If you thought Dove’s marketing campaigns were the lowest of the low, think again. This week, a Brazilian toilet paper brand has bagged the prize for the stupidest advertisement.
Santher, a manufacturing company based in Sao Paulo, Brazil, which produces toilet paper among other things, is being accused of acute racism for its slogan “Black is Beautiful.”
The company released a Personal VIP Black toilet paper ad featuring Brazilian actress Marina Ruy Barbosa — who is a white-skinned, green-eyed and a redhead — wrapped up in nothing but swaths of the dark-colored paper.
But what really rankles is the fact the tone-deaf company used the slogan “Black is beautiful,” which was the hallmark of a cultural movement by blacks for their representation and rights.
The movement of the 1960s and ‘70s was defined by the rise of black rights activists like Angela Davis, Steve Biko, Stokely Carmichael and groups like the Black Panthers.
The goal of the grassroots black pride movement was to drive out the notion the natural features of people of African descent — their nose size, skin color and hair texture — were not beautiful. It encouraged men and women to stop straightening their hair and bleaching their skin. As a result of the movement, black people began demanding visual representations of themselves and their culture in marketing and mainstream media.
Naturally, the advertisement sparked outrage, with the loudest disapproval from the Afro-Brazilian community.
“People died for this expression to be revered to this day,” Brazilian writer Anderson França wrote on Facebook. “People are still dying and this expression is more important and vital than ever before. But in Brazil, if you type #blackisbeautiful you will find butt paper.”
“They are literally taking a s*** to us,” said black activist Daniela Gomes. “To use this slogan to talk about toilet paper is literally saying to our face that they are s***ing on us, our fight against racism and our fight to improve our self-esteem.”
In Brazil an advertisement decided to use the motto "Black is beautiful" to sell toilet paper. they are literally taking a shit to us— Daniela Gomes (@danielagomesjor) October 23, 2017
2017. They knew what they were doing. Regrets and excuses are meaningless. https://t.co/nCFpDVsKTB— Iris (@bellyofthesun) October 24, 2017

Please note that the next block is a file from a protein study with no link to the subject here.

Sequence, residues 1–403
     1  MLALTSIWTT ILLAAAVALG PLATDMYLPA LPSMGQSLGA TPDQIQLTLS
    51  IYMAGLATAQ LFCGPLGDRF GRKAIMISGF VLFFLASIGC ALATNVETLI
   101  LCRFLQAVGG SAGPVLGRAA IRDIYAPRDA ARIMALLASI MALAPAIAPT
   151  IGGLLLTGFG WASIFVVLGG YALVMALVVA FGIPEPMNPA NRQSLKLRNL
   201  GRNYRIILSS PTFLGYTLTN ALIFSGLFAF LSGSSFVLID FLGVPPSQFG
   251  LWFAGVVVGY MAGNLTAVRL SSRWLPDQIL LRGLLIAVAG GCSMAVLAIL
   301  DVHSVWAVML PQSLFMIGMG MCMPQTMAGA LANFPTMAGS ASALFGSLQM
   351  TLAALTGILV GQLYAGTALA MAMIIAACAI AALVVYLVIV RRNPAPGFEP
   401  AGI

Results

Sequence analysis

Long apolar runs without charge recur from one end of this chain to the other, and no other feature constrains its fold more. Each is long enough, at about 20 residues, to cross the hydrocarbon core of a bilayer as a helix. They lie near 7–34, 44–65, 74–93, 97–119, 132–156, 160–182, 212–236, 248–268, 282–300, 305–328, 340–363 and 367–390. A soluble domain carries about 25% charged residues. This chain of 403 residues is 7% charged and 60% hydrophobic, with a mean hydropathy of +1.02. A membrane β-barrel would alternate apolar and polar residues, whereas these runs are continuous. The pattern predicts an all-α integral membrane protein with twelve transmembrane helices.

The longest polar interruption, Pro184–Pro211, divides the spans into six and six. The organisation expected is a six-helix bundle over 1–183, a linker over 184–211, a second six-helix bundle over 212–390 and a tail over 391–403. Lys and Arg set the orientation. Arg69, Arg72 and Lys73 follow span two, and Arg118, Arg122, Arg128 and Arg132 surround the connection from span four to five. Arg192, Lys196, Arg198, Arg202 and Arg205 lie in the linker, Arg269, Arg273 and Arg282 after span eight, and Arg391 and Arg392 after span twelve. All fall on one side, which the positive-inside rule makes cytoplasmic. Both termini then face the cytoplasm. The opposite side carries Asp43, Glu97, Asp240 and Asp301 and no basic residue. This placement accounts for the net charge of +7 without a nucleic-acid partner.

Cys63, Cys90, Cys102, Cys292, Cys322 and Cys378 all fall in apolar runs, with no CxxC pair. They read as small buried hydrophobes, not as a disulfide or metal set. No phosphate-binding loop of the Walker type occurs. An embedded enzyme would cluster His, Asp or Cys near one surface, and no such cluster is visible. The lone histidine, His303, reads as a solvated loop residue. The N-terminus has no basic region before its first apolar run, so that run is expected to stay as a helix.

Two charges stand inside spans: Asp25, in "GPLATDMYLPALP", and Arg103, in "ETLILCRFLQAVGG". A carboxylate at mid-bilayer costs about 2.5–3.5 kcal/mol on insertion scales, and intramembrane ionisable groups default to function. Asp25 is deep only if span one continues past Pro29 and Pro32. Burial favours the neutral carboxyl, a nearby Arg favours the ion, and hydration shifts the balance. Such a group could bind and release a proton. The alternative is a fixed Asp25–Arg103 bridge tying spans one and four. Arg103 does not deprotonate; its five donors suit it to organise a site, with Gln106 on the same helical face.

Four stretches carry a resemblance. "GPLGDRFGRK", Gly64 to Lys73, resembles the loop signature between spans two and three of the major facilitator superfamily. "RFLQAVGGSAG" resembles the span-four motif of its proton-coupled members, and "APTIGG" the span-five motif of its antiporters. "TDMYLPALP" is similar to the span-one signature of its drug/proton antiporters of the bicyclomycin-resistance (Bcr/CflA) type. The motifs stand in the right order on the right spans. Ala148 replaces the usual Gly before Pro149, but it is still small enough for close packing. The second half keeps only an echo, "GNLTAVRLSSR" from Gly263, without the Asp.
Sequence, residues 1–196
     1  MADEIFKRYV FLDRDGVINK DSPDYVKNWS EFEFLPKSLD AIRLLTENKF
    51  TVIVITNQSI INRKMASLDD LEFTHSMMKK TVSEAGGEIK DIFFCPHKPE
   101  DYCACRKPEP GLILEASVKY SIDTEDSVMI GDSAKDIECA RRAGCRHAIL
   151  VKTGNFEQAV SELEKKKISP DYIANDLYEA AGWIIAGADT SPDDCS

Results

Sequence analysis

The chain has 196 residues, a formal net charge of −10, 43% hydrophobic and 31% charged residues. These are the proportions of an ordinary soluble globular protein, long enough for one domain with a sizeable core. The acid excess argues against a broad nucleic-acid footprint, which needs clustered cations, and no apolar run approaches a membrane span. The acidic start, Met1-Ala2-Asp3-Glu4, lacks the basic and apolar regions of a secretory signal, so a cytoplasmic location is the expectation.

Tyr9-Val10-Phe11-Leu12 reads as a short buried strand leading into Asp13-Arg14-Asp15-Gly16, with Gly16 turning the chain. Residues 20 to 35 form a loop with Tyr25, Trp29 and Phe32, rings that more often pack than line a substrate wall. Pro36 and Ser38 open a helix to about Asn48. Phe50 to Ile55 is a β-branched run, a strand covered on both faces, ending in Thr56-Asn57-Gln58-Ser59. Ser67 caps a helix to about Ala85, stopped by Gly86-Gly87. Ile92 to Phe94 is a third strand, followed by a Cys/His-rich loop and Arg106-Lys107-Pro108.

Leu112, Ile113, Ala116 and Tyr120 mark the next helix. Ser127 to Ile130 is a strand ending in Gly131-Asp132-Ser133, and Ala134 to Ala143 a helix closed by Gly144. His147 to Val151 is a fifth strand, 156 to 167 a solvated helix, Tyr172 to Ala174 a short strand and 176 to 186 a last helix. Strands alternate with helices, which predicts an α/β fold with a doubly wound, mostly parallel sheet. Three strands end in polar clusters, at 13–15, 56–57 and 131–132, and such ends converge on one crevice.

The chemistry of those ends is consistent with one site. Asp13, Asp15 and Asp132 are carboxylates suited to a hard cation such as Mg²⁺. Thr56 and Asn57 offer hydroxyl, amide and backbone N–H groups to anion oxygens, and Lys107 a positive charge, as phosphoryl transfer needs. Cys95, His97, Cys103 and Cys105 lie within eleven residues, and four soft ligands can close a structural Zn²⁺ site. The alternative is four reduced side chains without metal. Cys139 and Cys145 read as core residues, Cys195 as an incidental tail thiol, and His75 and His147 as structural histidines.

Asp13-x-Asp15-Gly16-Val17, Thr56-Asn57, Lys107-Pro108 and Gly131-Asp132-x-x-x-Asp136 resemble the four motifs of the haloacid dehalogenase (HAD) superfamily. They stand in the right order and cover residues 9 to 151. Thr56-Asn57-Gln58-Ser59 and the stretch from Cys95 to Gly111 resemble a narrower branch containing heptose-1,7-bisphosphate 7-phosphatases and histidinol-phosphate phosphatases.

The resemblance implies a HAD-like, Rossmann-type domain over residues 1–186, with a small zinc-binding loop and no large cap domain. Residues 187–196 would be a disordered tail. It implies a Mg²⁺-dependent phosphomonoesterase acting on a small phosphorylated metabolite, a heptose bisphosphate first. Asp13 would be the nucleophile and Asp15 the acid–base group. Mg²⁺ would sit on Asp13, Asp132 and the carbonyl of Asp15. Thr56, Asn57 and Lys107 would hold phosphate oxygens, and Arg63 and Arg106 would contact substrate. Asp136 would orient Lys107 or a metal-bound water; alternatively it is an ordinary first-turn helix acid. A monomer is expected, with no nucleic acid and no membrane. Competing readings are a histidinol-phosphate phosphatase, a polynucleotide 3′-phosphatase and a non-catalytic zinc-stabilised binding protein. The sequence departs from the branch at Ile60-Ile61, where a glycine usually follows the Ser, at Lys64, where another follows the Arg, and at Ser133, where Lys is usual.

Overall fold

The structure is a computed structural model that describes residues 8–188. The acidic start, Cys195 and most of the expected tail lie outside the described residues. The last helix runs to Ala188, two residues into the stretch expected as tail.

Raquel Barreto, a doctoral student who is studying the history of the Black Panther Party believes the marketing executives at Santhers knew exactly what they were doing when they used the “black is beautiful” slogan to market toilet paper.
“They are playing with it because they know the meaning. They felt they could play with it and not have big consequences,” she said.
The representation of a white woman wrapped in black tissue paper also conjures disturbing images of slavery.
Santher and Neogama, the advertising agency responsible for the ad, apologized for the offense and removed the slogan from their campaign, claiming they did not intend “a racial dispute.”
However, the slogan coupled with the imagery was so blatantly offensive, how could it not be intentional?
African-American marketing executive Denitria Lewis said she was shocked it passed the reviewing process.
“It seems very ill thought-out,” she said. “They also shouldn’t have used the phrase because it is about the reclamation of our unique beauty despite society’s constant diminishing. They are juxtaposing black beauty with bodily waste.”
However, this controversy is only the latest in a string of shameless racist ads in Brazil.
Although over 50 percent of Brazil’s population identifies as black or mixed race, there is hardly any representation of them by advertising agencies. A Brazilian advertising agency, ironically named “Africa,” features dozens of its staff in its banner photo of its Facebook page. Only one woman looks non-white.
Banner/Thumbnail credits: Pixabay, kropekk_pl